Roll Forward

DEFINITION of 'Roll Forward'

To extend the expiration or maturity of an option or futures contract by closing the initial shorter-term contract and opening a new longer-term contract for the same underlying asset. A roll forward enables the trader to maintain the investment position beyond the initial expiration of the contract (since options and futures contracts have finite expiration dates) and is usually carried out shortly before expiration of the initial contract. Both legs of the roll forward are typically executed simultaneously, in order to reduce slippage (i.e. profit erosion) due to a change in the price of the underlying asset.

BREAKING DOWN 'Roll Forward'

A roll forward can be executed at the same strike price for both contracts, the initial shorter-term contract and the new longer-term one. However, if the new contract has a higher strike price than the initial contract, the strategy is called a "roll up"; if the new contract has a lower strike price, it is called a "roll down."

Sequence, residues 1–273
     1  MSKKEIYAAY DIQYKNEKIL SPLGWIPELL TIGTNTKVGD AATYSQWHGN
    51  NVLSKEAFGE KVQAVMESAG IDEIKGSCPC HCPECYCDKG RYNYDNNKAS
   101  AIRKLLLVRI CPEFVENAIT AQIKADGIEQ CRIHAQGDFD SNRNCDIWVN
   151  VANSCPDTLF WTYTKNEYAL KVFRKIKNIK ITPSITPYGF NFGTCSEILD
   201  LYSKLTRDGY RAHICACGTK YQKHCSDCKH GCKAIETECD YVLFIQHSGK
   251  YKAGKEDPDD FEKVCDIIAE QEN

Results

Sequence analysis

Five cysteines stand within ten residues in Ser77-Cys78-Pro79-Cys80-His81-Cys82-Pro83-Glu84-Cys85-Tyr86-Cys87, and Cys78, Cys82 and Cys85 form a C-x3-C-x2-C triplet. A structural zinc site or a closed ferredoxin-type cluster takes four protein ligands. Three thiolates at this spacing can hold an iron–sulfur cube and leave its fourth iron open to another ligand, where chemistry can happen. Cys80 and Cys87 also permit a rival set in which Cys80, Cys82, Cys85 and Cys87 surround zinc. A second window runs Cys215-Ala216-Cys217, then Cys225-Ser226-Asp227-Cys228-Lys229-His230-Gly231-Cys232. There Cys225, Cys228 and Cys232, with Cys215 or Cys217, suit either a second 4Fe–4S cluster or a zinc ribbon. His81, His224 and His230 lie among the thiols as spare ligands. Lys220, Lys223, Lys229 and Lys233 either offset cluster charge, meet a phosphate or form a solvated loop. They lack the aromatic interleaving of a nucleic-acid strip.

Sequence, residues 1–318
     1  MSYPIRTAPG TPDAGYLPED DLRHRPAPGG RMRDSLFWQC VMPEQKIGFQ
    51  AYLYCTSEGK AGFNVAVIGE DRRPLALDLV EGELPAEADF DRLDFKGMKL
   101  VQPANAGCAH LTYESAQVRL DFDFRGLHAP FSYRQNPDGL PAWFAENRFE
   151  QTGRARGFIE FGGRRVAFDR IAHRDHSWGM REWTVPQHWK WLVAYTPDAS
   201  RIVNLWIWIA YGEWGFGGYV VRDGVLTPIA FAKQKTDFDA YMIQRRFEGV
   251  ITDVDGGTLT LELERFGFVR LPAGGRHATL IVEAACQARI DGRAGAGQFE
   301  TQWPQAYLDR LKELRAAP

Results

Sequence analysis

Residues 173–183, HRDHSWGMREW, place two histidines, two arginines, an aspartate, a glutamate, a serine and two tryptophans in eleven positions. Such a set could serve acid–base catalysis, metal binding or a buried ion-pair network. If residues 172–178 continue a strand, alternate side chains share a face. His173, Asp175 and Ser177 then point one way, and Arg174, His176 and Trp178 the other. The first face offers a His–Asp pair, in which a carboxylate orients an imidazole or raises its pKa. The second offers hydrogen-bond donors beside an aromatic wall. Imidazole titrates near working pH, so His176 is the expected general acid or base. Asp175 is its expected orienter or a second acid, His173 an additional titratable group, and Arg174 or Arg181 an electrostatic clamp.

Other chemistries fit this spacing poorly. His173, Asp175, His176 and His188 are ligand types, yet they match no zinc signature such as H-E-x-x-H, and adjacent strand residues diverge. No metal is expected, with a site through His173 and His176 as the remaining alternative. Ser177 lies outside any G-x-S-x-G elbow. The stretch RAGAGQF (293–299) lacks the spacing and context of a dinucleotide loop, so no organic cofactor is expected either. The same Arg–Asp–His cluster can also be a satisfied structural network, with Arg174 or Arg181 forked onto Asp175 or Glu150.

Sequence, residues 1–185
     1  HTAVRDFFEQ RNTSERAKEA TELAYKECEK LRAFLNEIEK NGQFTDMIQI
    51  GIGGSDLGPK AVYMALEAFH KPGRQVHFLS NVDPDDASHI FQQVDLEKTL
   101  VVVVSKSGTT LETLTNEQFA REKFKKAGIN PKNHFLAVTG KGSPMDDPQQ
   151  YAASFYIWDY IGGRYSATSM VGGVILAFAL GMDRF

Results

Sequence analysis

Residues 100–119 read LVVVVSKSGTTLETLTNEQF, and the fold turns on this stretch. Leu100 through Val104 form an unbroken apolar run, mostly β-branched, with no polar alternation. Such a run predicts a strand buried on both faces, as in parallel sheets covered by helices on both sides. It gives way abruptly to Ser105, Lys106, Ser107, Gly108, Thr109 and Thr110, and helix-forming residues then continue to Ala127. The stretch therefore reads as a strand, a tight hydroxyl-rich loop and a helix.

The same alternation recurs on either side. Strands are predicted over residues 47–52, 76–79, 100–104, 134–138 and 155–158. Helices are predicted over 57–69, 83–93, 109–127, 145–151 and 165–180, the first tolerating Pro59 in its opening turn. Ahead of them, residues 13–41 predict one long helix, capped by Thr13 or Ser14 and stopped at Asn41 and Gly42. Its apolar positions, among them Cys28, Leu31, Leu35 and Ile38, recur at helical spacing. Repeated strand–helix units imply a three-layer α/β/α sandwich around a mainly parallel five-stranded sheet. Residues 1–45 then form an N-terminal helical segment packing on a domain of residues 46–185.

These strategies may be undertaken to protect profits or hedge against losses. For example, consider a trader who has a call option expiring in June with a $10 strike price on Widget Co. stock trading at $12. As the call option nears expiration, if the trader remains bullish on Widget Co., she can choose to maintain her investment stance and protect profits by (a) selling the June call option, and (b) simultaneously buying a call option expiring in September with a strike price of $12. This "roll up" to a higher strike price will reduce the cost of the position, thereby protecting part of the profits from the initial strategy.

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